By: Yusuf M Hasan
HARGEISA (Somalilandsun) – A one year Toostan funded Community Empowerment Program (CEP) training in Hargeisa ended with a declaration to abandon all forms of female genital cutting-FGC
At a project phase out ceremony held at Isha Borame Estate in Hargeisa representatives of 21 city estates signed the Public Declaration Abandonment of All Forms of FGC in Hargeisa.
The proclamation of the FGC was witnessed by a multitude of city residents led by the 2nd Lady of Somaliland and included the Presidential advisor on women and minority affairs, Religious and traditional leaders, senior officials from the ministries of health and that of Social affairs as well as women based organizations.
The Isha Borame declaration read
“As from today and witnessed by politicians, traditional/religious leaders, government officials and the common man, do hereby declare that 21 estates from Maroodi Jeeh region that participated in the one year Toostan project have unanimously concurred as per the Abandonment of All Forms of FGC, the 21 estates will join the other 14 that had abandoned FGC in 2009.
The Toostan project beneficiaries further thanked the INGO for the training that provided enlightenment as per the ills of Female Genital Cutting.
Female genital mutilation, or FGM, is a traditional practice that is performed throughout the Horn of Africa and other parts of the continent. The procedure is often called female circumcision, and it is illegal but still common in Somaliland, where health care workers, activists and others are working to end it.
As many as 97 percent of girls and women in Somaliland are believed to have undergone the FGM procedure which involves cutting some or all of the external genitalia and commonly sewing up the genitalia, leaving a small hole for blood and urine to pass.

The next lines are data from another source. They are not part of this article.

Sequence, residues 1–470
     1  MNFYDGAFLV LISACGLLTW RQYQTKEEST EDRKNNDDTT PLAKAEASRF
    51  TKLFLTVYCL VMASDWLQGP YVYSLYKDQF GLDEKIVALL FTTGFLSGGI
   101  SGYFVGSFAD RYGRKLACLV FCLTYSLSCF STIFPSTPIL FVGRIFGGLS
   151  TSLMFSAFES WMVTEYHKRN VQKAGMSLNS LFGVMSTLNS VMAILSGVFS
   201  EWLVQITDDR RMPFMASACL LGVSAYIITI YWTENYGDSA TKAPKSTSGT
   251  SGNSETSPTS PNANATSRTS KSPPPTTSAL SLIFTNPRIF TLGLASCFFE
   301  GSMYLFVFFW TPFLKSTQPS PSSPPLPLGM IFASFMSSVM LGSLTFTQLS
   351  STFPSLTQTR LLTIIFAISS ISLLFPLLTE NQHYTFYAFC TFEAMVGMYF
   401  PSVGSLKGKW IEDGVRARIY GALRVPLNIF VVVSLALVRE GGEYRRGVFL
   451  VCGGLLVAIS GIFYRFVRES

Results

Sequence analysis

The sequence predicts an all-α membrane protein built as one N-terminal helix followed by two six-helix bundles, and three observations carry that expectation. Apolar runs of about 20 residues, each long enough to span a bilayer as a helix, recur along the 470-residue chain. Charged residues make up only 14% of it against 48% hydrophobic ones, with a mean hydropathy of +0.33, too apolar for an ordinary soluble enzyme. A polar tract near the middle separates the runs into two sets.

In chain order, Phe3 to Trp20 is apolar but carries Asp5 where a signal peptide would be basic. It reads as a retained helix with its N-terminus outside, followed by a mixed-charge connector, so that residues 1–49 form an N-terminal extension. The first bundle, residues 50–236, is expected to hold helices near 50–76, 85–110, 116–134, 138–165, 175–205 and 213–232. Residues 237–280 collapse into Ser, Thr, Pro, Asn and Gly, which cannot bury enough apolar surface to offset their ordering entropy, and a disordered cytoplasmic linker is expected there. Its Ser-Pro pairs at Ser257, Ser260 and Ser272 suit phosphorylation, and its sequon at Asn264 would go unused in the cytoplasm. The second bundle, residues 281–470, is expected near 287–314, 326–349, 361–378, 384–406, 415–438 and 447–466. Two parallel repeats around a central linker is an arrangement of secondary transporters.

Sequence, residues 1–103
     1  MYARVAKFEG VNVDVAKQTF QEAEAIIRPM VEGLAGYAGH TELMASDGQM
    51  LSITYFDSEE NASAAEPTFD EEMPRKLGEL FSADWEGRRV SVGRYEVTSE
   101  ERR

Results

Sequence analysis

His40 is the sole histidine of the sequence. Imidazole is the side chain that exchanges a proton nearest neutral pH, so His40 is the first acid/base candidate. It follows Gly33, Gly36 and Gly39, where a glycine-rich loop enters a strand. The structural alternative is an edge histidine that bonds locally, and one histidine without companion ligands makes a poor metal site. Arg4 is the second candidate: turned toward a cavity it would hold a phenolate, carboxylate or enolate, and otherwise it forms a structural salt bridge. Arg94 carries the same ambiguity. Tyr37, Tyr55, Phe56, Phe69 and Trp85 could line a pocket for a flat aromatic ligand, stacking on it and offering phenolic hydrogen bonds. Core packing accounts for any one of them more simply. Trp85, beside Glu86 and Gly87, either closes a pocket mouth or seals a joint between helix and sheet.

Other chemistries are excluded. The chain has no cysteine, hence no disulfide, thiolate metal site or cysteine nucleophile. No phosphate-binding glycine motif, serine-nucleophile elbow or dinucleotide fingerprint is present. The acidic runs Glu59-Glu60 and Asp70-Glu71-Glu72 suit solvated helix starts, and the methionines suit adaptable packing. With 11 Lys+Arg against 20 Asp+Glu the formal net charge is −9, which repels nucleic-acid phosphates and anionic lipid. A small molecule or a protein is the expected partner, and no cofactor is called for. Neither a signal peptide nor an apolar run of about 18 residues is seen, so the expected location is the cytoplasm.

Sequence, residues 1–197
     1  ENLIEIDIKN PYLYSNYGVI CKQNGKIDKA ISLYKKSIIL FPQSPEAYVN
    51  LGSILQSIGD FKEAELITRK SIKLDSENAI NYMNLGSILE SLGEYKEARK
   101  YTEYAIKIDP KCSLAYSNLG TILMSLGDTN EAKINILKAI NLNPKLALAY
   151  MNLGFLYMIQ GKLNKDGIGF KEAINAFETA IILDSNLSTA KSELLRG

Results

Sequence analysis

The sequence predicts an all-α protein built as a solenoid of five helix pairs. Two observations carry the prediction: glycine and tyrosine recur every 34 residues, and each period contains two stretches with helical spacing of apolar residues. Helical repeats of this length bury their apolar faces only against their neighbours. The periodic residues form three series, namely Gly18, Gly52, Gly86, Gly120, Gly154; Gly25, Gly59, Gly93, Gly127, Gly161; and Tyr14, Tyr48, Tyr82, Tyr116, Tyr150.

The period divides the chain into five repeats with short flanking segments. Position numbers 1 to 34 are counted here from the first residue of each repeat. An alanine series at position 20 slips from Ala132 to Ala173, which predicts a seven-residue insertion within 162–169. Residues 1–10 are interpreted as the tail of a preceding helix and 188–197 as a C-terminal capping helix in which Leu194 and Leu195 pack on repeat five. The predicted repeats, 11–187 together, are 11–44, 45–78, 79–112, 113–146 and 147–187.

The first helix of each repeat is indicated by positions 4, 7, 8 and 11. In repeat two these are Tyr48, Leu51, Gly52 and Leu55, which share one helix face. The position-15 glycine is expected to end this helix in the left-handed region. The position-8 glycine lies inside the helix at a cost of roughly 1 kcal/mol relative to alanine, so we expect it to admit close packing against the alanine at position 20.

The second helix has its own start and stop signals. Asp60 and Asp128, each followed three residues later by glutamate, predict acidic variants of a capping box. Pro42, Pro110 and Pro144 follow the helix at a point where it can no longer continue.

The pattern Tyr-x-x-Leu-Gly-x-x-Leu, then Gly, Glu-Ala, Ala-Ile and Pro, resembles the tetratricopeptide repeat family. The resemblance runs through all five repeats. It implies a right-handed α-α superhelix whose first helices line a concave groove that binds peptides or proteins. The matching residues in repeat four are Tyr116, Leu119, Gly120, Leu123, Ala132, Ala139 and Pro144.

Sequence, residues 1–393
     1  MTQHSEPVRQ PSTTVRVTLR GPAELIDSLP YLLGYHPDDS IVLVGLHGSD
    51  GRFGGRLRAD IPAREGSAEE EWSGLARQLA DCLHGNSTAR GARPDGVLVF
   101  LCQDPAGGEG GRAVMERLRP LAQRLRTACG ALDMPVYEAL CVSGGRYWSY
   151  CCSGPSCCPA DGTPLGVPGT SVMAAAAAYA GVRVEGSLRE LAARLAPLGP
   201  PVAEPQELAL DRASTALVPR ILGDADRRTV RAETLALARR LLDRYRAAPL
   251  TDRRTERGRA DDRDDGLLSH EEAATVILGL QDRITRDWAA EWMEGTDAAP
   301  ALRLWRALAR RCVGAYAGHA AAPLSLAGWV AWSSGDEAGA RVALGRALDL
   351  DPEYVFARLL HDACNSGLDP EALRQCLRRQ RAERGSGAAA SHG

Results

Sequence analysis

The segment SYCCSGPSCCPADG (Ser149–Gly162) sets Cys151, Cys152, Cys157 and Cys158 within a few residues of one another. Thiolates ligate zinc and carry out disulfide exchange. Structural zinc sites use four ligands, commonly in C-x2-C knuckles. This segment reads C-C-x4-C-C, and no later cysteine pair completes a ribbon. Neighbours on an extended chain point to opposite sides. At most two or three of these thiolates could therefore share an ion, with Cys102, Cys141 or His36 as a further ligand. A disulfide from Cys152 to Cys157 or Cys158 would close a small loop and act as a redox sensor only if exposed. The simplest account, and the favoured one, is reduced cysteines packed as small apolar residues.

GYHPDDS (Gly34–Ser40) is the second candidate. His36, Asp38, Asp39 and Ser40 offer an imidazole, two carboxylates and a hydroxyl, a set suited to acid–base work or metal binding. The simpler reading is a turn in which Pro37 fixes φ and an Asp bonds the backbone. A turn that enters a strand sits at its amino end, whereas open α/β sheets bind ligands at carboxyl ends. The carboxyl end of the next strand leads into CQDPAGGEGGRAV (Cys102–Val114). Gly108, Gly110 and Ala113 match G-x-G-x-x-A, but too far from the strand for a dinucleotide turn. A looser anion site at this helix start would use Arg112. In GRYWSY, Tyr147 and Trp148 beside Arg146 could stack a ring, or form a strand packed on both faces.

Complications for women who undergo FGM include acute bleeding, urinary infections, infertility, complications giving birth and even damage to the baby
Most women who have undergone FGM experience a wide range of medical problems, including acute bleeding, urinary infections, infertility, complications giving birth and even damage to the baby.
Edna Adan Ismail is the founder of a maternity hospital in Somaliland’s capital Hargeisa and one of the first health-care professionals to bring the issue of FGM to the world’s attention.
She describes what happened to one 12-year-old girl whose opening in her sewn-up genitalia was too small. “The abdomen was distended. There was abdominal pain. We did an ultrasound scan [to determine,] ‘Is she pregnant? Why is the abdomen distending?’ Of course, the diagnosis was that this young lady had been menstruating and the blood had been collecting inside the body all these months,” she explained.
Tostan is a US 501(c)(3) nongovernmental organization. Based in Senegal, West Africa, Tostan is dedicated to educating and empowering Africans who have had little or no access to formal schooling. We work primarily in rural regions to provide basic education and increase community engagement in projects related to health and hygiene, child welfare, human rights and democracy, the environment, and economic development.
Tostan’s Founder and Executive Director, Molly Melching, began working in Senegal in the 1970s. Over 30 years later, Tostan remains committed to community-led grassroots development through the hundreds of African staff members who work in collaboration with volunteers, interns, partners, and supporters around the globe.
Recognized as a leader in non-formal education and community development, we are now expanding our operations to meet increased demand across Africa. Since its incorporation in 1991, Tostan has implemented its Community Empowerment Program (CEP) in thousands of communities in ten countries in Africa.
Currently, Tostan has operations in:
Djibouti, The Gambia,Guinea, Guinea-Bissau, Mali, Mauritania Senegal